When the clock strikes midnight tonight, it may well toll the end of the best day in the speakership of Paul Ryan. During today’s ceremony, everyone had their “come let us reason together” faces on, but a few days from now – coincidentally right around Halloween – things might be getting a lot scarier for the new Speaker.
Not that I am wishing the new speaker ill, but as his speech to the House indicated, there are a lot of very challenging issues, particularly within the Republican Conference, that remain unresolved, to put it gently.
In his talk, Ryan tipped his hat to the Tea Party faction that brought down John Boehner due to his unwillingness to subjugate himself to its unrealistic and unrealizable goals. Ryan pledged a “return to regular order,” which roughly translated means allowing legislation to originate in committees rather than in the leadership. “If you know the issue, you should write the bill,” said Ryan, himself past chairman of two committees, an unusual background for one who has become Speaker.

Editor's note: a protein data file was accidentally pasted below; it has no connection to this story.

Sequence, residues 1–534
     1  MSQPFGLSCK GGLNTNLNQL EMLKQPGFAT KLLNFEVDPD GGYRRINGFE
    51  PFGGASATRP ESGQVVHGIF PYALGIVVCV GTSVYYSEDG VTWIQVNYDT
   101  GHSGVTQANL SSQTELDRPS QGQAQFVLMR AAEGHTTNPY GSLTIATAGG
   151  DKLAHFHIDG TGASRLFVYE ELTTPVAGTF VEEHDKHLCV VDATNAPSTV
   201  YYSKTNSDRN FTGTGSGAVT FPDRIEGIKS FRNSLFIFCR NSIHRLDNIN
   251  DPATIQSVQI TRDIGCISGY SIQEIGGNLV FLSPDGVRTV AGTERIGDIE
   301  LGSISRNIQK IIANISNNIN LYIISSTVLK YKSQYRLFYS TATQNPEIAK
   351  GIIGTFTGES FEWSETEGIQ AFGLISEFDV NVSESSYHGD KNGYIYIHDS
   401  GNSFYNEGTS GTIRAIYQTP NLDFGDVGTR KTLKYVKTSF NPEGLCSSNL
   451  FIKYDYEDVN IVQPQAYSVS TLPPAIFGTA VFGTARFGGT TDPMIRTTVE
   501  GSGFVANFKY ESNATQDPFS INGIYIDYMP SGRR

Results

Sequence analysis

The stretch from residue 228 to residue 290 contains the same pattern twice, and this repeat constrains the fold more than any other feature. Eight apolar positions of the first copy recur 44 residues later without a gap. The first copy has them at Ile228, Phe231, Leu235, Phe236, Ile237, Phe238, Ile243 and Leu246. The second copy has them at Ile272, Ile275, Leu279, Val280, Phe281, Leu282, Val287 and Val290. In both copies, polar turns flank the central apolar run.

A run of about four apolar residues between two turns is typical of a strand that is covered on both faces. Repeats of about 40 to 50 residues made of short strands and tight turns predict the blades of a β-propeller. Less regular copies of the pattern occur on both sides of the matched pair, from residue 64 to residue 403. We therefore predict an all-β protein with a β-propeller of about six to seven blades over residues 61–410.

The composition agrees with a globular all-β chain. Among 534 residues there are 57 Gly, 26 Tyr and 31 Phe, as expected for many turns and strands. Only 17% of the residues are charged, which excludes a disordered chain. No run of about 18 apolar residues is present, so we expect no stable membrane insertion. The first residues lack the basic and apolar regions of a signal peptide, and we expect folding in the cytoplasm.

But the Freedom Caucus does not stop at extolling the virtues of committee origination of legislation. However meritorious that process may be, it does tend to empower those who are very close to complex issues (and to the special interests who know the issues and work the committees) to the exclusion of others who may not share the same perspective as committee drafters. That is why the Freedom Caucus also demands an open amendatory process on the House floor. In other words, it wants every Member to be free to offer amendments.